It is somewhat similar to Couchsurfing ( except that Couchsurfing allows you to be either a guest, a host, or both. I also notice that Couchsurfing has become more elaborate, and that it now links to a number of social media sites. If I wanted to become a member, it looks as if I would have to do so through my Facebook account.
If you are up for the challenge of staying with strangers, GF may be for you. I never thought I would like staying with people I had never met, but after a trip last year with Friendship Force ( I am a convert. Whatever else, it is always an adventure.

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Thursday, June 07, 2012

Montreal to Toronto by Megabus

Last weekend I had my second experience with Megabus, ( the company that operates double decker buses in Canada, the U.S. and the U.K. The price was very reasonable, just $80 return including tax, about one-third of what a train trip would have cost. It is possible to get even lower fares if you book farther ahead or at less popular times.
However, I noticed some changes from my previous trip. There was no rest stop in Kingston on the way down, as there used to be. (I managed one but only by getting off the bus quickly and running fast, since the bus does pick up and discharge passengers in Kingston, about half way between the two cities.) There is a rest room on board the bus, but please, airplane restrooms are bad enough.That also meant no time to buy food, so if you hadn't brought anything to eat you were out of luck, with nothing to eat for a trip of more than six hours.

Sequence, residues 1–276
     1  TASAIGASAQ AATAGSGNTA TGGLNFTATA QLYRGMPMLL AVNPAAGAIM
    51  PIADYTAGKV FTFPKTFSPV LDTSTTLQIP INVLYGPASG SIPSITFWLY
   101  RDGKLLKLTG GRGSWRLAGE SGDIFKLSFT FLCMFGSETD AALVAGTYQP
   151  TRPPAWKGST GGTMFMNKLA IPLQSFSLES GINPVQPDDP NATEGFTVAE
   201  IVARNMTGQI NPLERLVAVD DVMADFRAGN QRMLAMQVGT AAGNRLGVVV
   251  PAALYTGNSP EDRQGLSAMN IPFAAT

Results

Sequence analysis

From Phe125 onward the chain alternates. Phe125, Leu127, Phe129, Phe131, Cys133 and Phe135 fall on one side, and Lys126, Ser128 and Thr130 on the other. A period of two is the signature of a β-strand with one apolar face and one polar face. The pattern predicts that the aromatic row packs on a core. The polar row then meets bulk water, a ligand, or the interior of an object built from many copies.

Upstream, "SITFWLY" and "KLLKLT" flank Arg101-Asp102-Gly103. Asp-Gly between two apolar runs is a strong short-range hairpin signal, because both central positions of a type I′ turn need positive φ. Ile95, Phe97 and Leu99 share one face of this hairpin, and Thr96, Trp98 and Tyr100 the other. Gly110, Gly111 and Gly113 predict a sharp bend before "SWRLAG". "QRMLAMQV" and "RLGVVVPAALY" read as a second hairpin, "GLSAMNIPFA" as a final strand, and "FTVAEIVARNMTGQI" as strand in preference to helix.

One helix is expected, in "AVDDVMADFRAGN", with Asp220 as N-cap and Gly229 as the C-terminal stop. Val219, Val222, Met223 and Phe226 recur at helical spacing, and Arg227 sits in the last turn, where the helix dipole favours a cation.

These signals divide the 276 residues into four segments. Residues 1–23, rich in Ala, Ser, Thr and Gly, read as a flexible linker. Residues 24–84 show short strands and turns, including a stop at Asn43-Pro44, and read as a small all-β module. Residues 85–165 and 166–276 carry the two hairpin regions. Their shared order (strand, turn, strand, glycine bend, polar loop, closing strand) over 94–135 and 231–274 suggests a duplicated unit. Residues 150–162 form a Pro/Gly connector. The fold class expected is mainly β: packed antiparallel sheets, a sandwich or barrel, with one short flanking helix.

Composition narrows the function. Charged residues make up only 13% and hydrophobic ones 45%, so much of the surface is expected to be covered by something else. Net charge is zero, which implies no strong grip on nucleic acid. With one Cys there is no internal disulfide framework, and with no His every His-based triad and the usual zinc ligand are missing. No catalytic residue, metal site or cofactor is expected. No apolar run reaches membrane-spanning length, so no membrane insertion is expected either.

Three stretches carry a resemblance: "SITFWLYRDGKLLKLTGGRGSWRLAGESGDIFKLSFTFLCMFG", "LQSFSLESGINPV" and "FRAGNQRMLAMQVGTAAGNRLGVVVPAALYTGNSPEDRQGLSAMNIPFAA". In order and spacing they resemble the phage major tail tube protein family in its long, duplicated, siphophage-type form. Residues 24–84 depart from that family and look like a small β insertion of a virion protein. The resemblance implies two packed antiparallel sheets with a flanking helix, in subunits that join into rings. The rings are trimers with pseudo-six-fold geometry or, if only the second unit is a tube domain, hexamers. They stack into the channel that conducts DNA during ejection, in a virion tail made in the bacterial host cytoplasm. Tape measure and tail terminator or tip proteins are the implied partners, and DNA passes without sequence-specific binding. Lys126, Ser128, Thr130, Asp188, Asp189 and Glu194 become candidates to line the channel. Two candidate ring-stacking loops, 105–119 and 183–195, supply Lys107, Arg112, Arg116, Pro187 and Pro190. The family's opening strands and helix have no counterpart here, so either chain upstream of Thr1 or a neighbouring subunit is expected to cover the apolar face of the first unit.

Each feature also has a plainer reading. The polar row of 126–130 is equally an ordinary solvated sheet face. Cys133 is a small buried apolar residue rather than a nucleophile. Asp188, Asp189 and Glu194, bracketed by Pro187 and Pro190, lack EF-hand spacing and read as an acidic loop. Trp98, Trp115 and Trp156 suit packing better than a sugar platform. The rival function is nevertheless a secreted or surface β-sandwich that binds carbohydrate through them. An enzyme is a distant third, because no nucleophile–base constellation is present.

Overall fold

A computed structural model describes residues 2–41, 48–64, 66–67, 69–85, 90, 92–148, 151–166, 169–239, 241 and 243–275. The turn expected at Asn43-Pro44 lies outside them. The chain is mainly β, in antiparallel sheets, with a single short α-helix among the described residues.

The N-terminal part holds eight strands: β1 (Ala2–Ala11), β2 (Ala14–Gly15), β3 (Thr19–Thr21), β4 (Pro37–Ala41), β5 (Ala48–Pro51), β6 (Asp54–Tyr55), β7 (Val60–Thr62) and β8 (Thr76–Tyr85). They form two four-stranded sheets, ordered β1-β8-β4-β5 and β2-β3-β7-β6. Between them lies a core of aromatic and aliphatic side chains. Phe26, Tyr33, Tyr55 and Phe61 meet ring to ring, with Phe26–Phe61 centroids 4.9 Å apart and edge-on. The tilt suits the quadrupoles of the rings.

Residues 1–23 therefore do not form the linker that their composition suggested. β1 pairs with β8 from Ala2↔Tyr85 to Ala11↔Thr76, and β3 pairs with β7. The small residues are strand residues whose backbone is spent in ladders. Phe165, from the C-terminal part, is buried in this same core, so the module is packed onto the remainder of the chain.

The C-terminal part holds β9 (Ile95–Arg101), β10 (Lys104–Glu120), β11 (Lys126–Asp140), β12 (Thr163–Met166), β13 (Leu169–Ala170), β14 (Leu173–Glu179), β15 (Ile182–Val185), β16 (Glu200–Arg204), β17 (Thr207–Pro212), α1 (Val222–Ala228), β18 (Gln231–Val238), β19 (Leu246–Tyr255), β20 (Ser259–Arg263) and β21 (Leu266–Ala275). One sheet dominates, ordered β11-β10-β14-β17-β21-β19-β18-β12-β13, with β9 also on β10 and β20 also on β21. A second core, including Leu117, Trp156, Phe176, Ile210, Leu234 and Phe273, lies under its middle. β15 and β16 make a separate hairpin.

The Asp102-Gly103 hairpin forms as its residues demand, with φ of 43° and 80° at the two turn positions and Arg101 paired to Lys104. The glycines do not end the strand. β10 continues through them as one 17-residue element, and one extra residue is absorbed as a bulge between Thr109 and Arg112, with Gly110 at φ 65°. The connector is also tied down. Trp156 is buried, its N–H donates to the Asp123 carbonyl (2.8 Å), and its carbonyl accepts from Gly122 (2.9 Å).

On the return there was a rest stop at Kingston, so I'm not sure whether there usually is.
As it happened I arrived in Toronto last Friday during a torrential rainstorm which flooded part of Union Station and shut down the subway system for a while, so I was glad I was not travelling by rail on that occasion. However, there is no question that rail travel is usually more comfortable. But it's hard to beat the bus for price--even the gas to drive your own car would cost close to $80.
I was in Toronto to attend Bloody Words XII, a very good conference for mystery writers. Met an agent who expressed some interest in my Russian mystery, so here's hoping.